I’m a bit fed-up- in a bit of a fed-up mood.
Here at Michigan, we have a bunch of required classes- classes that you must take in order to graduate. They’re not required for any arbitrary reason- they cover topics that the accreditation board considers essential to the education of an architect- fine. These classes are taught in a large lecture hall, with a professor (sometimes more than one) at a podium, and usually rely heavily on powerpoint and quantitative evaluation- probably the most efficient way to teach. These classes; construction, history, structures, intro to theory, environmental technology, site planning- are often taught by professors who are hired and evaluated based first on their record as researchers or practitioners in their discipline and second on their ability to educate. We have a lot of great innovators, researchers, and designers here at TCAUP, most of them are good teachers too. Still, we have a few severely-challenged teachers.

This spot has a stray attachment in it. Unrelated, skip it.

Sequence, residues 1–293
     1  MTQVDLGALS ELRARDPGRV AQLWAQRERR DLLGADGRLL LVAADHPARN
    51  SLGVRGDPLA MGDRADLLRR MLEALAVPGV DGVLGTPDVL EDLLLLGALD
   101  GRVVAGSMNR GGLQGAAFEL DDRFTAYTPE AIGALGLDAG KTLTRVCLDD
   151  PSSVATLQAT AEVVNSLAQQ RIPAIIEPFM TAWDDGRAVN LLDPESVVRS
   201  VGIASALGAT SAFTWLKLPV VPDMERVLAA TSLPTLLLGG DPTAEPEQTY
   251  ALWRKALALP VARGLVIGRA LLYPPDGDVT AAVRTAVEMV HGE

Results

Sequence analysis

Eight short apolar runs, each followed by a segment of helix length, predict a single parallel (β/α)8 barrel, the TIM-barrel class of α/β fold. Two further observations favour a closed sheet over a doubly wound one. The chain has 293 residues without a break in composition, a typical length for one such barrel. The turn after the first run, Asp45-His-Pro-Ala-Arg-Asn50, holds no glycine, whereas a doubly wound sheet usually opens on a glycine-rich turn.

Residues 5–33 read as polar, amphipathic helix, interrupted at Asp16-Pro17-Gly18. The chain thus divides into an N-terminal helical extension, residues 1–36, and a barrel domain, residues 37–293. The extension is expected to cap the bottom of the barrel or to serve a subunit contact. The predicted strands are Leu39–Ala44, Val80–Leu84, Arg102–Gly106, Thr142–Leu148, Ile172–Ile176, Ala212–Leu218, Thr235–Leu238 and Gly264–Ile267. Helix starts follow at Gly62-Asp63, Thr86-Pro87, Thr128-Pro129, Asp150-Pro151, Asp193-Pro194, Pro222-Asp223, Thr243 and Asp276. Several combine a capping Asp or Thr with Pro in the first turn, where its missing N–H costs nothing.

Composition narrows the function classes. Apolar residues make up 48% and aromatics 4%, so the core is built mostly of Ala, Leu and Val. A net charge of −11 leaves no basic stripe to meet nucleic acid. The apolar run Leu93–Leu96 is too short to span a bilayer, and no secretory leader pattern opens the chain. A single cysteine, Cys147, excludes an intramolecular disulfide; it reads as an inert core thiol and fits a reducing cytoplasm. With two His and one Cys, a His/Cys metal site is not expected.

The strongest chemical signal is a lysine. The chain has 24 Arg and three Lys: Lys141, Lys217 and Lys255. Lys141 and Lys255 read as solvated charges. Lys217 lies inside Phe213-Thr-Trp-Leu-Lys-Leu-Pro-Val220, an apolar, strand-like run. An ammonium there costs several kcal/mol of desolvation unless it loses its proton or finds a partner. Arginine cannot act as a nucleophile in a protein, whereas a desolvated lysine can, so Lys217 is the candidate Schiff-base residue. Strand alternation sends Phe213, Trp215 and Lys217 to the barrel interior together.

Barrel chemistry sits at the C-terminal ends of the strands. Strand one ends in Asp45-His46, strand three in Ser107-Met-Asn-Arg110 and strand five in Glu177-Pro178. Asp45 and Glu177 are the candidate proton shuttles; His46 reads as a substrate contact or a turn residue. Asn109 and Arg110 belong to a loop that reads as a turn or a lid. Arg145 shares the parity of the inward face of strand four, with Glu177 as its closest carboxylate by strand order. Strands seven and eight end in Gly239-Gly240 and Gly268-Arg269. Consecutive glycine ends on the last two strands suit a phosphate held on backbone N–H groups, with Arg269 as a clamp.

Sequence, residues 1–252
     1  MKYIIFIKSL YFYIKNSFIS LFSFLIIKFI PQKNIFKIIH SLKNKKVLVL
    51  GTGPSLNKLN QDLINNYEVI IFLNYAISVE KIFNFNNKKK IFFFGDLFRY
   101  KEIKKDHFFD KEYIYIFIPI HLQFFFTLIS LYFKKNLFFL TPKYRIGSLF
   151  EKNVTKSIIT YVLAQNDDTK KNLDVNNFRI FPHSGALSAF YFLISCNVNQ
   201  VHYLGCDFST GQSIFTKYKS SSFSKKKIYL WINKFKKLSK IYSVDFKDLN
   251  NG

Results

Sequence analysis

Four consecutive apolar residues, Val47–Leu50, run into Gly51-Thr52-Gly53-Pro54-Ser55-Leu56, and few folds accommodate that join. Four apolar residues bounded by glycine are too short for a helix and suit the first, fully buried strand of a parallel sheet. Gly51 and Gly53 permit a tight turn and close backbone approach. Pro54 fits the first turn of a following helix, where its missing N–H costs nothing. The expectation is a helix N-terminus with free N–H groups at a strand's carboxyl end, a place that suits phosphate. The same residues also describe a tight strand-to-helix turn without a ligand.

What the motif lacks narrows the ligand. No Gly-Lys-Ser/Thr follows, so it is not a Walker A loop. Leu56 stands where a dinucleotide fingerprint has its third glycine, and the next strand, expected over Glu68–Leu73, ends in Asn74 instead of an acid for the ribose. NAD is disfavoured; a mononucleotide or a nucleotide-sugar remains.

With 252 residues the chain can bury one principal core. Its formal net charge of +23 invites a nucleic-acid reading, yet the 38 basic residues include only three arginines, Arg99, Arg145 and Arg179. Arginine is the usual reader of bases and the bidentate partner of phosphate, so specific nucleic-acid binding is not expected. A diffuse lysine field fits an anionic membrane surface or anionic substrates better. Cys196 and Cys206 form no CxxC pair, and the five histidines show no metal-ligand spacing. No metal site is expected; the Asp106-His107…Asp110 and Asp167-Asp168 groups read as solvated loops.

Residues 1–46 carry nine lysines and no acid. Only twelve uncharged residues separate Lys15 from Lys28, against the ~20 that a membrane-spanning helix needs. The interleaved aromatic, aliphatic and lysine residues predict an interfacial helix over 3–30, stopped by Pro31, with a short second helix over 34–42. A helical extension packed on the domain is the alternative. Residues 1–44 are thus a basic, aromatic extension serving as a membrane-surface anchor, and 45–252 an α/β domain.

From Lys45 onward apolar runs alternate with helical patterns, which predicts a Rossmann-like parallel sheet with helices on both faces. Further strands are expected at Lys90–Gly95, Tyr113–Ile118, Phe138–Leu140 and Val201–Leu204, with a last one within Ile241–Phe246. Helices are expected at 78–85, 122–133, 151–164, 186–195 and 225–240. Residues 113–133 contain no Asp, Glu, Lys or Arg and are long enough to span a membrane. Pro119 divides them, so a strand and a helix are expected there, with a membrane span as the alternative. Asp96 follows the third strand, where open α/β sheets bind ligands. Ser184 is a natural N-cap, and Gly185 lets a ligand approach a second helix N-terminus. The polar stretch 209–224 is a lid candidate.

If you asked students who they’d prefer to introduce them to a subject: a talented, motivated teacher with the minimum expertise necessary to teach an introductory course competently or a renowned expert or acclaimed designer who can’t teach well (and doesn’t seem to care), most, if not all, would go for the former. From the students’ perspective, teaching comes first; from the perspective of the university, research and publication come first. Admissions packets will always tell you that all of their professors are fine teachers, but the only information that any prospective applicant has to understand their prospective teachers are statistics on the number of faculty with terminal degrees, the books they’ve written, the things they’ve designed, and the panels, committees, etc. that they’ve served on.
These classes are part of a larger package, and that’s how they’re sold. When students complain about the quality of the classes, the answer is usually that it’s just one or two out of many and that not everything can be ideal. Students hate it, they resent it, they grumble, but then it’s time for studio and they move on. The semester goes on like this- frustration melts into apathy and then the semester is over and the next batch of students go through it again. Still, I really wonder if it has to be this way- do all schools follow this practitioner/researcher-primary, educator-secondary ideology? What’s it like at other schools? How do they meet NAAB requirements? Also, what do faculty think- do they perceive the system in the same way that students do? Do they value the same things in an educational environment?